J. Michael Bailey

J. Michael Bailey

Sheila Jeffreys, Janice Raymond, Radical Feminists

Sheila Jeffreys, Janice Raymond, Radical Feminists

Alice Dreger

Alice Dreger

Janice Raymond, Radical Feminists

Janice Raymond, Radical Feminists

Ray Blanchard

Ray Blanchard

Cathy Brennan

Cathy Brennan

 

Kenneth Zucker

Kenneth Zucker

Radical Feminists

Radical Feminists

Transgender political cartoon of Blanchard as enslaving superhuman overlord

Transgender political cartoon of Blanchard as enslaving superhuman overlord

Excerpt:

Motherboard: When does a paraphilia become a disorder?

Blanchard: There are two ways by which a paraphilia could be converted into a paraphilic disorder: the individual is distressed by their desires, or they are acting in a way that is noxious to people. So a pedophile could have a pedophilic disorder if the guy is tortured by the fact that he is a pedophile, or he is perfectly happy with the fact that he is attracted to children, and he is molesting a lot of them.

So if someone cross dresses and they are cool with it, then they don’t have a disorder, correct?

Yes, under my proposal you can now be a happy transvestite, or you can have a transvestic disorder.

You coined the term autogynephilia, which refers to a man who is aroused by the thought of himself as a woman. This term is kind of your baby. Is it going to make it into the DSM-5?

That comes under the heading of what I can’t tell you, because of the confidentiality agreement I signed with the APA.

Do you think autoandrophelia, where a woman is aroused by the thought of herself as a man, is a real paraphelia?

No, I proposed it simply in order not to be accused of sexism, because there are all these women who want to say, “women can rape too, women can be pedophiles too, women can be exhibitionists too.” It’s a perverse expression of feminism, and so, I thought, let me jump the gun on this. I don’t think the phenomenon even exists.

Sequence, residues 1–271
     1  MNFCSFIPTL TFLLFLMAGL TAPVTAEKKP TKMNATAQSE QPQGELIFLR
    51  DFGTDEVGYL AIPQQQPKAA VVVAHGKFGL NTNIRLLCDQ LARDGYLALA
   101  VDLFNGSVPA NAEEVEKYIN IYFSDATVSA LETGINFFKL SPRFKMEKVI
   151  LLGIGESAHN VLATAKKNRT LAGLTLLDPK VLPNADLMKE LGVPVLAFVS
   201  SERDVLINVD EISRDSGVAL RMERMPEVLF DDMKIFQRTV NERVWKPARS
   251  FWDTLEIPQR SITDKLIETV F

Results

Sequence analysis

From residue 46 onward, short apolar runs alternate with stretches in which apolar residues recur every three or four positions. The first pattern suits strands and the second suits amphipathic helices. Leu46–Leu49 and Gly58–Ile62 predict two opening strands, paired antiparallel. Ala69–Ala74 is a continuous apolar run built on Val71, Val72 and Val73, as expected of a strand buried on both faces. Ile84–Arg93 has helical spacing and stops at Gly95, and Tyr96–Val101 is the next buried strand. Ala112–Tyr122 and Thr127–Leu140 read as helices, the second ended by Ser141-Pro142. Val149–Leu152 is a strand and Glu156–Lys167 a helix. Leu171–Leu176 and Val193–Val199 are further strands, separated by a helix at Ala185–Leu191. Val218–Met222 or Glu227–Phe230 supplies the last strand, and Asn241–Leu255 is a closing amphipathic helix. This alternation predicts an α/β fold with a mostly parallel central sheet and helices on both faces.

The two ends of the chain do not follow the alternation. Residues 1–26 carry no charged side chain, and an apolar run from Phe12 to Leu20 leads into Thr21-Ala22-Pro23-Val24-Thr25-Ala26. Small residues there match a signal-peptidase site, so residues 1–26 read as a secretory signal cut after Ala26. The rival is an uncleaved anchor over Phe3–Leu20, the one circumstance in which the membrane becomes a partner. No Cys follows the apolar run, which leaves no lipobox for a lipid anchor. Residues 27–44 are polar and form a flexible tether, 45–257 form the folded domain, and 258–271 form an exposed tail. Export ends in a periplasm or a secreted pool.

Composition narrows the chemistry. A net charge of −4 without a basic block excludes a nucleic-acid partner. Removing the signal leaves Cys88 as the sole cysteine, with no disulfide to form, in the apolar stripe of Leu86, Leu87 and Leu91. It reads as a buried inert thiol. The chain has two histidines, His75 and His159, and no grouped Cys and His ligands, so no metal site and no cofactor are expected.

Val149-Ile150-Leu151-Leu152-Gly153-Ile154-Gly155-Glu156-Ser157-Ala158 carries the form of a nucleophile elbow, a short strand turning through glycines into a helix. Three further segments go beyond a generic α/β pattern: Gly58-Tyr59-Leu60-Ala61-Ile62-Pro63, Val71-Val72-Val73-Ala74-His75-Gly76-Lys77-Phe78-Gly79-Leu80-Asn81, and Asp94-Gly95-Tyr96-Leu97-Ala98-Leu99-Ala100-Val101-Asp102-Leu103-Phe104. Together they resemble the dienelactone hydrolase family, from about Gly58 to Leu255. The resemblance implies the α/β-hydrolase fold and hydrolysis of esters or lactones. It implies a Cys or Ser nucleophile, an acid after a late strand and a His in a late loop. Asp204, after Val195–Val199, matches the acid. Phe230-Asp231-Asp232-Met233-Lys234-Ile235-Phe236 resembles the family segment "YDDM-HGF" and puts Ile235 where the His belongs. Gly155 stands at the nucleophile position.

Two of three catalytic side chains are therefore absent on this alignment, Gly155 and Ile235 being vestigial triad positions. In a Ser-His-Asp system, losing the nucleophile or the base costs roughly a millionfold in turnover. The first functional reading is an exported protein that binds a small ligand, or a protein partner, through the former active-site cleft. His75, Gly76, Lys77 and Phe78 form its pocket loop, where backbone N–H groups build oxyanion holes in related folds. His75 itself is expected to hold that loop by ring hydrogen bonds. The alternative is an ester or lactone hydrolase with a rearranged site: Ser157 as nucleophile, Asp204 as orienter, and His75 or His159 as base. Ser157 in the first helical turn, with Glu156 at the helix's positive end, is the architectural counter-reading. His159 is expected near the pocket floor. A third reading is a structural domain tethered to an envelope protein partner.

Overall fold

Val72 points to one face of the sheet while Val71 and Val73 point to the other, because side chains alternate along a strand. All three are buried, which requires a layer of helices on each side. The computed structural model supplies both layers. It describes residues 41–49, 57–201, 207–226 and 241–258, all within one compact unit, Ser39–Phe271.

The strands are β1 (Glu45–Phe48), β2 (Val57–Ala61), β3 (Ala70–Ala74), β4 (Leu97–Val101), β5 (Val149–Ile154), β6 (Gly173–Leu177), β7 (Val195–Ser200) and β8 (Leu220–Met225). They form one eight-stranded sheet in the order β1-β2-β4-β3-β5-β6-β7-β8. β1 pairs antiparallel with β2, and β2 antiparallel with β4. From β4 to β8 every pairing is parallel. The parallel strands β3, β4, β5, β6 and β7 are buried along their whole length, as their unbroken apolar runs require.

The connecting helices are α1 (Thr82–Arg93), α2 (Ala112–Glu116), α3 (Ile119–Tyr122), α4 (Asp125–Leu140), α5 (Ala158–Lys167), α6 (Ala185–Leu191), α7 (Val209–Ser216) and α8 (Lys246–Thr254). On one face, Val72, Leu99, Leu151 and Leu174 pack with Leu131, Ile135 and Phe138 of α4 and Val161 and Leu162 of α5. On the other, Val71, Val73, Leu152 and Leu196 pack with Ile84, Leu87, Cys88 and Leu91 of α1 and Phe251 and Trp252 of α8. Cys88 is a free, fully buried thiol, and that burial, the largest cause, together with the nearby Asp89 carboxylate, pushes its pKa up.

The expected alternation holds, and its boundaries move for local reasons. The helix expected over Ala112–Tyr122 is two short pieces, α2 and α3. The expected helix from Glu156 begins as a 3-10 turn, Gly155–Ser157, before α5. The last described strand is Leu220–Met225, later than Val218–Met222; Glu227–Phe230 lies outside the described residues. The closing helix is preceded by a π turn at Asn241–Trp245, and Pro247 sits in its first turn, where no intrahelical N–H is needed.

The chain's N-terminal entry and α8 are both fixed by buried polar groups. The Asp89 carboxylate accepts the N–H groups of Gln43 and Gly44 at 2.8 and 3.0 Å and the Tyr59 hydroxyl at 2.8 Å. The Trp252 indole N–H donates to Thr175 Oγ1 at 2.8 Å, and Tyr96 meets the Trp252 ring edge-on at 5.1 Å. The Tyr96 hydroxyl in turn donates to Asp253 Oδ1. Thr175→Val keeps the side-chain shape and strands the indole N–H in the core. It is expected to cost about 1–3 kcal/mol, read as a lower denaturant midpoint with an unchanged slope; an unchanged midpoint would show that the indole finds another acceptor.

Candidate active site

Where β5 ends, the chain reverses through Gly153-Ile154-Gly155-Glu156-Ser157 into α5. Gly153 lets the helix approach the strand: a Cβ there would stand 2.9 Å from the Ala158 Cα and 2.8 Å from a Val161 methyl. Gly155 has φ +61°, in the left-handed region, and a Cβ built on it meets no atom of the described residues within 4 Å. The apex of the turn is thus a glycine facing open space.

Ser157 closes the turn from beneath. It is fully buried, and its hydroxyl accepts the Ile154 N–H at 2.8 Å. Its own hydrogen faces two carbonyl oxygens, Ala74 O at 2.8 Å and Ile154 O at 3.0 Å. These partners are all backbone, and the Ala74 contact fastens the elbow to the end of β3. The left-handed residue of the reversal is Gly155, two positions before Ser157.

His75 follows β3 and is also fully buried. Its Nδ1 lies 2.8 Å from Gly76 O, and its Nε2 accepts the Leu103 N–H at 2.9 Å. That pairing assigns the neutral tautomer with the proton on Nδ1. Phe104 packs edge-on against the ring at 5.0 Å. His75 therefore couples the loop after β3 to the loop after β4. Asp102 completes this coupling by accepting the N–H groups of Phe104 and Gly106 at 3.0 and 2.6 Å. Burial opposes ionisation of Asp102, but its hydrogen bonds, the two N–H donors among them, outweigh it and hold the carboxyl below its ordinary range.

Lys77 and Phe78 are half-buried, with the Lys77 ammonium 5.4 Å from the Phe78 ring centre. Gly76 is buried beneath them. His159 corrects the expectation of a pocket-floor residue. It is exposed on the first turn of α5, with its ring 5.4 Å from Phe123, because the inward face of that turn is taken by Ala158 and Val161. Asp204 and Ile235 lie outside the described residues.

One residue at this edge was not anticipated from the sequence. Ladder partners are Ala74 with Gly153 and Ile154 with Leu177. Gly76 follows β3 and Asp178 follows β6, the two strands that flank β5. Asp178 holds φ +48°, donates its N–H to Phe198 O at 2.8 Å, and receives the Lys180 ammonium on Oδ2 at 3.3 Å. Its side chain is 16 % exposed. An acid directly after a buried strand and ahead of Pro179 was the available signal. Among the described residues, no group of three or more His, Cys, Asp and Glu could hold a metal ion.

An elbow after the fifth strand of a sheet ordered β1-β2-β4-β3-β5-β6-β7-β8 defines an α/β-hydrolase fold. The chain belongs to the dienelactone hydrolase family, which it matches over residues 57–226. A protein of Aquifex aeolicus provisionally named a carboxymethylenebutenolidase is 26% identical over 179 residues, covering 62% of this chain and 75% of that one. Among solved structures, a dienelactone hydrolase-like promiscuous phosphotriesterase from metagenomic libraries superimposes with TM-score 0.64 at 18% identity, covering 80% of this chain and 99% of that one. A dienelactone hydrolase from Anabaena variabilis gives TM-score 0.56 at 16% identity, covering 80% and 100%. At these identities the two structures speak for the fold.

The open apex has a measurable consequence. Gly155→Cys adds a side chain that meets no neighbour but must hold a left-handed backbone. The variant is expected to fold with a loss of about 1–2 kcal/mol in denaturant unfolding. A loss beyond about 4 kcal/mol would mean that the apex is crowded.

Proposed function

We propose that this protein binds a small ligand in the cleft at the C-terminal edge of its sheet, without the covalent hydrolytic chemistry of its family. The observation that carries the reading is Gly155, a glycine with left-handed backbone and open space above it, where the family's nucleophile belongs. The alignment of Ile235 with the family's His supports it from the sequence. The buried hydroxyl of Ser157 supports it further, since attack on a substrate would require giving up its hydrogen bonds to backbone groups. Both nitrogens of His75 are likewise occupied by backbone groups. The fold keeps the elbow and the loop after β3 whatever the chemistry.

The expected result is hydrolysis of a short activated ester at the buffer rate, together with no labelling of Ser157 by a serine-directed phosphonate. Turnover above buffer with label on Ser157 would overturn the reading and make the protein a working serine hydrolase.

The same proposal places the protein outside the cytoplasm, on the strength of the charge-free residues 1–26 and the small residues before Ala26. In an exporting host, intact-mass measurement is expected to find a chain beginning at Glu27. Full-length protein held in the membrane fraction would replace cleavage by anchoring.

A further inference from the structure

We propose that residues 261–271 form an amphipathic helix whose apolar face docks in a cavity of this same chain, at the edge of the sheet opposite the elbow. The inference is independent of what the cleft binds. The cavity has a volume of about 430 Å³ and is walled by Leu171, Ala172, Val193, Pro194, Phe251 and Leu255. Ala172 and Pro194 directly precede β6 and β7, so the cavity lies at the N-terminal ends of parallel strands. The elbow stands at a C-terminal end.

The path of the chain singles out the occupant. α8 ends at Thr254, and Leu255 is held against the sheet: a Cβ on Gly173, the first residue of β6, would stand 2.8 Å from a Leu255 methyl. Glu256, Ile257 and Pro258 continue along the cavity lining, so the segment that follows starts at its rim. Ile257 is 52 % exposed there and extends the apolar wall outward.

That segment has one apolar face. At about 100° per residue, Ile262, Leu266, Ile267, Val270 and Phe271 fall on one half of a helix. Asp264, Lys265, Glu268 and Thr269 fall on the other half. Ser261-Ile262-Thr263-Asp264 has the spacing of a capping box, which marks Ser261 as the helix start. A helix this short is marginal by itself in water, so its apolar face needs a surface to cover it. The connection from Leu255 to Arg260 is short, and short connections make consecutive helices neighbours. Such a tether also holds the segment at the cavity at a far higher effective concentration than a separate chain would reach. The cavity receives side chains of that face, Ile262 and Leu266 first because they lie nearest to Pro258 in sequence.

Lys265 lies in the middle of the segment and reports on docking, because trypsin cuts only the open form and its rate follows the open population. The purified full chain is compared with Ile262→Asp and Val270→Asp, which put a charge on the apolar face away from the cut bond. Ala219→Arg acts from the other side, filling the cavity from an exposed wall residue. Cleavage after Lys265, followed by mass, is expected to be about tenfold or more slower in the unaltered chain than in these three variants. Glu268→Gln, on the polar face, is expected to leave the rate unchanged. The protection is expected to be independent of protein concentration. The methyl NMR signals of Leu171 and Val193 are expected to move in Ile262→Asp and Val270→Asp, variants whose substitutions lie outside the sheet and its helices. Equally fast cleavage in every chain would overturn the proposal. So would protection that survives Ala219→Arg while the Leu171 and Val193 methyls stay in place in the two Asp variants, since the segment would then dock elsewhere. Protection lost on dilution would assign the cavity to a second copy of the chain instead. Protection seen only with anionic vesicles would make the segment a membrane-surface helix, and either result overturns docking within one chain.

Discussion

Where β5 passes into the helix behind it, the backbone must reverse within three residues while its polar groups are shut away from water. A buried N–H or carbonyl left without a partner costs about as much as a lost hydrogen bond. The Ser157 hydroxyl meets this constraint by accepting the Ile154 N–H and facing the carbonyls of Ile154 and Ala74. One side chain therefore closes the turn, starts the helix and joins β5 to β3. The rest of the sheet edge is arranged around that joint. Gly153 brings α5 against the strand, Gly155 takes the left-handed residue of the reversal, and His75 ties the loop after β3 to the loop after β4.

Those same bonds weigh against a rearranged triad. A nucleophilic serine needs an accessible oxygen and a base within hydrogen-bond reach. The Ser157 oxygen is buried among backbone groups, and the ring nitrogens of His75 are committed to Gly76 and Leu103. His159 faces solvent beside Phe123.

Some trans activists object to the inclusion of transvestic disorder in the DSM because they feel it pathologizes gender non-conformity. How do you respond to these criticisms?

To say that transvestic disorder pathologizes all trans people is rhetoric with no logic behind it whatsoever. If you actually open the DSM-4, it’s very explicit that it applies to people who get sexually excited by dressing in women’s clothes. They really object to the fact, (which is a fact established beyond any conceivable doubt), that in a lot of men there is some connection between cross dressing and sexual excitement.

Is the objection based on the idea that it fetishizes gender non-conformity?

Some activists are trying to sell the public on the idea, “We really are women where it matters–in our brains–and women don’t get sexually excited when they put on their bras and panties, so we don’t either.” And for a lot of them that’s just a lie.

So you don’t see a male-to-female transsexual as being female?

I think that a transsexual should be considered as whatever their biological sex is plus the fact that they are transsexuals. That’s how you would do research on them. There’s no other way to do it. If you’re interested in whether the brains of transsexuals are different in some way, you’re interested in seeing if they differ from other individuals with the same biological sex.

So in a way psychiatric research is inherently gender normative?

I would say medical research is inherently gender normative.

Some members of the trans community object to the stigma they feel accompany DSM diagnoses, but because of the impact of the DSM on insurance payments, it’s necessary they be labeled mentally ill. To what extent is a diagnosis from the DSM necessary to receive reimbursement for gender reassignment therapy?